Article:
Integrated European
Long-Term Ecosystem, critical zone and
socio-ecological Research

eLTER celebrates International Women’s Day 2022

4 April 2022

Raising awareness on Gender Equality issues is part of eLTER’s Strategic Plan. This year, as part of this objective, eLTER held a celebratory event to increase the visibility of research done by women in the network. 

The online event opened with an introduction to the eLTER Gender Equality plan by Terhi Rasilo (UH/Finland). Next, Alessandra Pugnetti (CNR/Italy) talked about Walking on "uncomfortable " paths to explore a broader idea of Nature based on experience in LTER-Italy. Pugnetti’s talk was followed by Ute Skiba (UKCEH/UK), who presented her work on global methane cycles. 

The event concluded with an activity in which participants were asked to share their perspective on three subjects: How gender impacts their science and career; What other demographic factors affect their progress, and how to remedy perceived gender gaps and inequalities in science and research.

Many participants expressed the view that gender affects them and their peers with, for example, male friends and colleagues getting more support during their PhDs, getting positions quicker or easier, and occupying most leadership or senior positions. Childbirth and family planning were another frequently mentioned factor affecting professional advancement. Conversely, other participants suggested that gender had no impact on their careers.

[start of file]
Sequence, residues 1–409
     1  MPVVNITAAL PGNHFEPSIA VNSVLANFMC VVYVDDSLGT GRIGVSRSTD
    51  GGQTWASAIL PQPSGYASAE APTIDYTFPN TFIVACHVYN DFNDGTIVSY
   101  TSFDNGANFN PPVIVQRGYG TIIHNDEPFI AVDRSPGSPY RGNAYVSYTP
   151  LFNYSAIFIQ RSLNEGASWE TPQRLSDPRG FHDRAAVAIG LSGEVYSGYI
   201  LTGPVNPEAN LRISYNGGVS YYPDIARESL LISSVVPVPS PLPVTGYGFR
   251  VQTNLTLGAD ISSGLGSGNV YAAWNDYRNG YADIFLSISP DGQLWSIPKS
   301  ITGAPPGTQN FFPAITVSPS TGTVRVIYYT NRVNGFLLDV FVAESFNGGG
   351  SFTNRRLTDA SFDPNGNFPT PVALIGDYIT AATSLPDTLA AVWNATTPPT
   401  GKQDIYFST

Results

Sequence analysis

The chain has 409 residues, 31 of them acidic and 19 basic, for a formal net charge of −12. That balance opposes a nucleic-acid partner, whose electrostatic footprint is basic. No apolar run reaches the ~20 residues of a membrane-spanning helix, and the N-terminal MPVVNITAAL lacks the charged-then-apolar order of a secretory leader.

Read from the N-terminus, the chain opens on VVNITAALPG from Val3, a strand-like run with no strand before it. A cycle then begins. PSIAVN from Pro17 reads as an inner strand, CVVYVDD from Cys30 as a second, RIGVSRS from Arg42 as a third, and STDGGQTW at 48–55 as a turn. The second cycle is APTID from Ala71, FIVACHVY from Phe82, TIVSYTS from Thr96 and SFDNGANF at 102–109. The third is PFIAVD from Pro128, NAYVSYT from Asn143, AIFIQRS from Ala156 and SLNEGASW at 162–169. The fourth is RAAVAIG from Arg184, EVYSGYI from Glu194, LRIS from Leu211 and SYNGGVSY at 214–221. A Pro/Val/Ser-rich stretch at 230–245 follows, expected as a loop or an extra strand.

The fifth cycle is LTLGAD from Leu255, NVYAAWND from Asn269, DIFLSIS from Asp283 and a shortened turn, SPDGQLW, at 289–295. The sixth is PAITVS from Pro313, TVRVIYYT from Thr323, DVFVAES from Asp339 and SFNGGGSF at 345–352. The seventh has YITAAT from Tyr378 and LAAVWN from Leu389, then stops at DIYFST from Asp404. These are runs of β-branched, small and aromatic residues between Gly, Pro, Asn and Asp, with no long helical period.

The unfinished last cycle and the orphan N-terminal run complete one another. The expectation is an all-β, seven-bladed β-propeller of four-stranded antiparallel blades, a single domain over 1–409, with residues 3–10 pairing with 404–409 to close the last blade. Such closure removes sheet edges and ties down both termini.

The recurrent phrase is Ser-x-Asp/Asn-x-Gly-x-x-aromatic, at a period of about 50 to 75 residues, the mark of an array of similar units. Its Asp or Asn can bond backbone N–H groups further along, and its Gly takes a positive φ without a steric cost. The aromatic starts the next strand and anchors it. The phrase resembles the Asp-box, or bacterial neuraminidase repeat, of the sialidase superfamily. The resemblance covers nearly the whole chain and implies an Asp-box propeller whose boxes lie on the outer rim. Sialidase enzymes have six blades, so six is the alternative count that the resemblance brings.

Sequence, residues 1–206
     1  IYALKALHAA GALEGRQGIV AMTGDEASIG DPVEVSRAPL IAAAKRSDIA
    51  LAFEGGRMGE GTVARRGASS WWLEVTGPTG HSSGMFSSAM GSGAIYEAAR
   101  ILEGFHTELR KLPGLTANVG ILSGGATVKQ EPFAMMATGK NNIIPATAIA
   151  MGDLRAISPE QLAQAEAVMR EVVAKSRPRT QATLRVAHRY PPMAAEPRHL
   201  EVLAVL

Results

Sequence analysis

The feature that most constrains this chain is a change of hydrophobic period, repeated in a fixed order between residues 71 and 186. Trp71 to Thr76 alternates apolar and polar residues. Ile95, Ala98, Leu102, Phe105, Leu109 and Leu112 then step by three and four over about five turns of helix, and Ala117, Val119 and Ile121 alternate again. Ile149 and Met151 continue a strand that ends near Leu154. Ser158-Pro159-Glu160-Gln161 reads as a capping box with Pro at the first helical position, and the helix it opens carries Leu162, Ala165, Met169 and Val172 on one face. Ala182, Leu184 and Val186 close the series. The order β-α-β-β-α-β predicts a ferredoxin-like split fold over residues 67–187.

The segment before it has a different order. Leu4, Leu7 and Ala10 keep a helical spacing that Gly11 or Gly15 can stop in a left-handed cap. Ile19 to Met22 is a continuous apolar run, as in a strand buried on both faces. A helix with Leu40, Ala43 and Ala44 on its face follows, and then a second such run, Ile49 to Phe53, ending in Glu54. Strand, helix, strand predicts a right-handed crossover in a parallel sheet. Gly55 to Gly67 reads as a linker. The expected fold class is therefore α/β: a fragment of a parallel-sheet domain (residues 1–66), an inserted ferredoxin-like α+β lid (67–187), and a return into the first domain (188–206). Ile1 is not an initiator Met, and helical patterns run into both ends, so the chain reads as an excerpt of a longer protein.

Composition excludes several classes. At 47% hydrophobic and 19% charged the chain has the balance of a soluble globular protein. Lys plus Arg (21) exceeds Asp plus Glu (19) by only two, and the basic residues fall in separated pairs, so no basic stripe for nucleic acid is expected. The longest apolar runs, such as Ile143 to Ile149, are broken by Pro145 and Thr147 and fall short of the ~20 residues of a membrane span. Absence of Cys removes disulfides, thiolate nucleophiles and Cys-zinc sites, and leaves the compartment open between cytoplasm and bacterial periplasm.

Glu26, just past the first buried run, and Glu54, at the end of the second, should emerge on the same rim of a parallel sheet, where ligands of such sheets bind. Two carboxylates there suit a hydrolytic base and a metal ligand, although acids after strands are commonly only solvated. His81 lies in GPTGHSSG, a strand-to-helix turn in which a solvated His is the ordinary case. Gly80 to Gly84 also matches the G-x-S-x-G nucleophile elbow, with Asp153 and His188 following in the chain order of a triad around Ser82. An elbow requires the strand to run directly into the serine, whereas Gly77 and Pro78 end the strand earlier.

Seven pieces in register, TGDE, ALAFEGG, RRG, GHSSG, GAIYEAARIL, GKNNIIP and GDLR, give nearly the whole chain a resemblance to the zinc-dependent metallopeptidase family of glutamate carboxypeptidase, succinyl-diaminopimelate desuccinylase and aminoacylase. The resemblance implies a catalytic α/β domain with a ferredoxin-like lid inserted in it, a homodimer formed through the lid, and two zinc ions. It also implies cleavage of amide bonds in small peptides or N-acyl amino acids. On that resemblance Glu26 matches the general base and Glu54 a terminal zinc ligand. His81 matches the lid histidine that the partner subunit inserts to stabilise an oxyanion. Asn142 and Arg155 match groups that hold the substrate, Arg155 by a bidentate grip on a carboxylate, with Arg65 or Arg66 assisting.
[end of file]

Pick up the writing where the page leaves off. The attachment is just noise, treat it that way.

Age and language were two non-gender related demographic variables that were mentioned as impacting progress. Pursuing a scientific career later in life or taking time off to raise a family is penalised, as young scientists are prioritised for proposal funding and positions. In addition, the predominance of English in academia places an additional hurdle for non-anglophone scientists.

To address the gender gap or inequality in science and research, participants proposed raising individual and institutional awareness, having female scientific role models from an early age, increasing the promotion of women into leadership positions, and eliminating male evaluation biases (e.g. a deeper and louder voice being equated with greater competence and assertiveness). Yet, participants stressed that the promotion of women should be accompanied by the preservation of quality and performance.